Becoming the New You

Challenge: Make it a point to live today, Friday, as a memorial of the death of Our Lord.
by Father Matthew Green, LC | Source: Catholic.net


September 4, 2009
Friday of the Twenty-Second Week in Ordinary Time

Luke 5: 33-39
The scribes and Pharisees said to Jesus, "The disciples of John fast often and offer prayers, and the disciples of the Pharisees do the same; but yours eat and drink." Jesus answered them, "Can you make the wedding guests fast while the bridegroom is with them? But the days will come, and when the bridegroom is taken away from them, then they will fast in those days." And he also told them a parable. "No one tears a piece from a new cloak to patch an old one. Otherwise, he will tear the new and the piece from it will not match the old cloak. Likewise, no one pours new wine into old wineskins. Otherwise, the new wine will burst the skins, and it will be spilled, and the skins will be ruined. Rather, new wine must be poured into fresh wineskins. And no one who has been drinking old wine desires new, for he says, 'The old is good.'"


Introductory Prayer:  Lord God, I come from dust and to dust I shall return. You, on the other hand, existed before all time, and every creature takes its being from you. You formed me in my mother’s womb with infinite care, you watch over me tenderly. I hope at my dearth you will embrace my soul to carry me home to heaven to be with you forever. Thank you for looking upon me and blessing me with your love. Take mine in return. I humbly offer you all that I am.

Petition: Rejuvenate my spiritual life, Lord.

1. Judging by the Wrong Standards
Once again, we have Jesus at a meal, this time with Levi (Matthew) and his friends. The scribes and Pharisees have come along to scrutinize Jesus and his followers, as they were wary of his teachings which were not in accord with the legalism and formalism to which they were accustomed. Their statement here about fasting contains an implicit judgment: You and your followers are not following our traditions of fasting; therefore, you cannot be truly holy. They present it not as a question, but as a statement, an accusation. They are not open to looking at things in a new way. We, too, can be guilty of rash judgment, even with other people in the Church who do not do things the way we do. Our reference point has to be not what we are used to, but what the Church, guided by the Holy Spirit, teaches and approves, be it ancient traditions or new manifestations of the Holy Spirit in the life of the Church.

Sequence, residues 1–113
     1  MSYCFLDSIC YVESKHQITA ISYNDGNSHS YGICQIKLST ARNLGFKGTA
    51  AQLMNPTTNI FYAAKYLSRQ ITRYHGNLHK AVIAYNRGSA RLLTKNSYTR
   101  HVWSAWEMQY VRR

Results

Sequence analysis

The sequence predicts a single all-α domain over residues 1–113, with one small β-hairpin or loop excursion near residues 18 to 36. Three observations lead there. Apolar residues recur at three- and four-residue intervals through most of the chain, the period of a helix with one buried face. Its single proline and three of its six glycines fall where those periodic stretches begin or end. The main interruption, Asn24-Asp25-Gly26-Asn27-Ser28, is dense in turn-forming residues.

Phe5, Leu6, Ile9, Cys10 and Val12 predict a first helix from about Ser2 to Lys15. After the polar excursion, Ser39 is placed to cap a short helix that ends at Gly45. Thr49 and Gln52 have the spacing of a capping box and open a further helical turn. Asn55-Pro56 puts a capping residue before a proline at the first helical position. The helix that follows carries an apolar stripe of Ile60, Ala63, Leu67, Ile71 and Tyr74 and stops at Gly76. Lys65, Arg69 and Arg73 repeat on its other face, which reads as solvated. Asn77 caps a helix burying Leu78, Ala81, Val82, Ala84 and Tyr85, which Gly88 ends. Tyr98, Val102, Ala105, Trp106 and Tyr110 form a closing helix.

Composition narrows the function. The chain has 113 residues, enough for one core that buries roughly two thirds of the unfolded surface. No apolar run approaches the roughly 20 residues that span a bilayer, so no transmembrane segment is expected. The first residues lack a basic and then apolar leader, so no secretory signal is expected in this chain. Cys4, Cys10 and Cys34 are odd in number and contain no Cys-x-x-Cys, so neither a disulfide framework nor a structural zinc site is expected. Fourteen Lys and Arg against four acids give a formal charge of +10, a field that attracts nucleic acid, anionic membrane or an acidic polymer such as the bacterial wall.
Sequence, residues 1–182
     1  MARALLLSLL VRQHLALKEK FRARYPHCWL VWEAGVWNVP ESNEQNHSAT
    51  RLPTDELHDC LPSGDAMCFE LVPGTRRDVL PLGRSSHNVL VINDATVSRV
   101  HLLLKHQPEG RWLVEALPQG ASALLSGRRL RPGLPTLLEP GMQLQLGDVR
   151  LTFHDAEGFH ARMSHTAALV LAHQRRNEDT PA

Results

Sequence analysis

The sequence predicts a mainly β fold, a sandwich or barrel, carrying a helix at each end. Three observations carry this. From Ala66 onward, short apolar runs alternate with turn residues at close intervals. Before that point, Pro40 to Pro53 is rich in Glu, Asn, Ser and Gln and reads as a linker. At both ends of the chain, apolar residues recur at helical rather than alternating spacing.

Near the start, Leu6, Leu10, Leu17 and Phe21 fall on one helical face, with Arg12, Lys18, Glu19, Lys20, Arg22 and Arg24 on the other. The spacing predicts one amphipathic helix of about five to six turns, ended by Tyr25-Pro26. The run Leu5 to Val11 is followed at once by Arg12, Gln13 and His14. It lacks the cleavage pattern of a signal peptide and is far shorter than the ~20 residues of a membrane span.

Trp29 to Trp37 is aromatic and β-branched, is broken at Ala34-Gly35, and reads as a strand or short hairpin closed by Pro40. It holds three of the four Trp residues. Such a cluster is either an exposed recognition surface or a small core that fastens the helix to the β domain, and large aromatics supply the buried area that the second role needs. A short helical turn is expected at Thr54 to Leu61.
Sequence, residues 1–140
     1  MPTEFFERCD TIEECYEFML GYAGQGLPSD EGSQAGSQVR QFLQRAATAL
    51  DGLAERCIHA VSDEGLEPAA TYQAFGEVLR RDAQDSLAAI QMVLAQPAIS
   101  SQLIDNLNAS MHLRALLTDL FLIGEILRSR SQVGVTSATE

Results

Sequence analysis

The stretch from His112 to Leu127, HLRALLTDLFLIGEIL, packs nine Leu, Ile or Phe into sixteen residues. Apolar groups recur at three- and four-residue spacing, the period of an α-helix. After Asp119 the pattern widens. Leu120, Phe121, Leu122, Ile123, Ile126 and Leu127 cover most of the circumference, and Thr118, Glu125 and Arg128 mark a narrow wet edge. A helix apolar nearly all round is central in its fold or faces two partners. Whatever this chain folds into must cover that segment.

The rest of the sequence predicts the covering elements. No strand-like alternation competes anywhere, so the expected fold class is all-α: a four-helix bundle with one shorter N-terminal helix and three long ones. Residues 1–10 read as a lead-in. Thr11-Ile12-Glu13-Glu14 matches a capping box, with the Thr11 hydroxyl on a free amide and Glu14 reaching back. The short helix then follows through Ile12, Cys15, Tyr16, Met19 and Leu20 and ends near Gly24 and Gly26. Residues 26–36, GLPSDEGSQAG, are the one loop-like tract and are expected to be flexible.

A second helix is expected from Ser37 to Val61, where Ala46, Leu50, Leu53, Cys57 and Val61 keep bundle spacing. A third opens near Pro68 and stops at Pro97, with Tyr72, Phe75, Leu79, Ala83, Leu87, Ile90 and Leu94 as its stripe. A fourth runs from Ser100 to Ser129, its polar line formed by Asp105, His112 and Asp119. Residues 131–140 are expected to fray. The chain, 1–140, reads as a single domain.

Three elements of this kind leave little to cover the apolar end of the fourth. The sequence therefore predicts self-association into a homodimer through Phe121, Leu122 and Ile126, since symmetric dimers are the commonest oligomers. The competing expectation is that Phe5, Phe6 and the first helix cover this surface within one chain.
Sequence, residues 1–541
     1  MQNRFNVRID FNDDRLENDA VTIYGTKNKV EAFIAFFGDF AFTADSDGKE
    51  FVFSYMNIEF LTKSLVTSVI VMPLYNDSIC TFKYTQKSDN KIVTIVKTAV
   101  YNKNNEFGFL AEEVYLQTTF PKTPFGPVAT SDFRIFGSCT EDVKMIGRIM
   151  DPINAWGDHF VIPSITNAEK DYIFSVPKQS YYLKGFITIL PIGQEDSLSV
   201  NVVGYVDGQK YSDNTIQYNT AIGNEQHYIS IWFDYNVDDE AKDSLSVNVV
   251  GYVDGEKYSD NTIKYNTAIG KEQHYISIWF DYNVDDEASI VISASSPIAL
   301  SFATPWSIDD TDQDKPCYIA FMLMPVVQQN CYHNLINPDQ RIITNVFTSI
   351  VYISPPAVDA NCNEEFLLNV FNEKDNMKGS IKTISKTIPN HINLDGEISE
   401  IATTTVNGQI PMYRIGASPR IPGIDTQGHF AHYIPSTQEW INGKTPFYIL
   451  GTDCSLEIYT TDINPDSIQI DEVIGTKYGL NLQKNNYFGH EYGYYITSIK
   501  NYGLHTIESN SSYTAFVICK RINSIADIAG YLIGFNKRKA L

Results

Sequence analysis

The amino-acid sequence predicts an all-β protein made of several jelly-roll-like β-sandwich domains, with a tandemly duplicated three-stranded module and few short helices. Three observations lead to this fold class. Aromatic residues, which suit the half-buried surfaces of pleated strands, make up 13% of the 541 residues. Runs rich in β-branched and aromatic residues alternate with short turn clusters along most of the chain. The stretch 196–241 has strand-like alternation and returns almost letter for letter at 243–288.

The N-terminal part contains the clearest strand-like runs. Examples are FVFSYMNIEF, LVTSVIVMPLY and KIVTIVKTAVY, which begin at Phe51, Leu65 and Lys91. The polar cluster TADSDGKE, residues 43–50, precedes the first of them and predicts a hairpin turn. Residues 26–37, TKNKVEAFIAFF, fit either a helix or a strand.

2. For Everything There Is a Season
Jesus’ answer is simple: there is a time and place for both fasting and feasting. Some people have a special vocation to a life of unusual abnegation, but for most of us, the liturgical year provides us with a natural cycle of rejoicing and penance. At times we rejoice with the “bridegroom” – like Christmas and Easter when we celebrate the coming of Christ and his resurrection. At other times we practice more penance – as in Lent when we focus more on making reparation for the separation from the Lord caused by sin in our lives, or in Advent when we purify our hearts to receive the Lord at Christmas. Ordinary Time has its own feasts and occasions of particular significance one way or the other. The question we have to ask ourselves is this: Are we living these liturgical realities, or are we neglecting them? Do the feasts and fasts of the Church affect my life, or are the liturgical seasons at best curiosities that I hardly notice?

3. The New You 
Then, Jesus offers all those present a challenge in the form of the parable. Both images – the cloth and the wineskins – emphasize the idea that in order to embrace his message we need to think “outside the box”. We easily get settled into a routine, becoming complacent and tepid in our faith. It’s even worse if we have habits of sin. To follow Christ and his “Good News” truly, we need to leave behind what St. Paul called the “old self” in order to be new creatures in Christ (Colossians 3:9-10). For the Pharisees, that would have meant leaving behind their strict formalism and judgmental attitude. For Levi and his friends it meant abandoning their worldliness and sinful lifestyle. Making a break with our old self is difficult – the “old wine” is what we’re used to – but we have to take the step of recognizing in what our old self consists and deciding to leave that behind to embrace Christ’s message, which is always challenging, ever new.

Conversation with Christ:  Lord Jesus, help me to focus more on following you than on judging others. Show me who I am, and whom you want me to be. Grant me the grace to live the life of the Church – feasts and fasts – with enthusiasm, so you can transform me into a new creature.

Resolution:  I will make it a point to live today, Friday, as a memorial of the death of Our Lord by offering a small sacrifice as a penance for my sins, and I will live this coming Sunday with real joy as the celebration of his resurrection.



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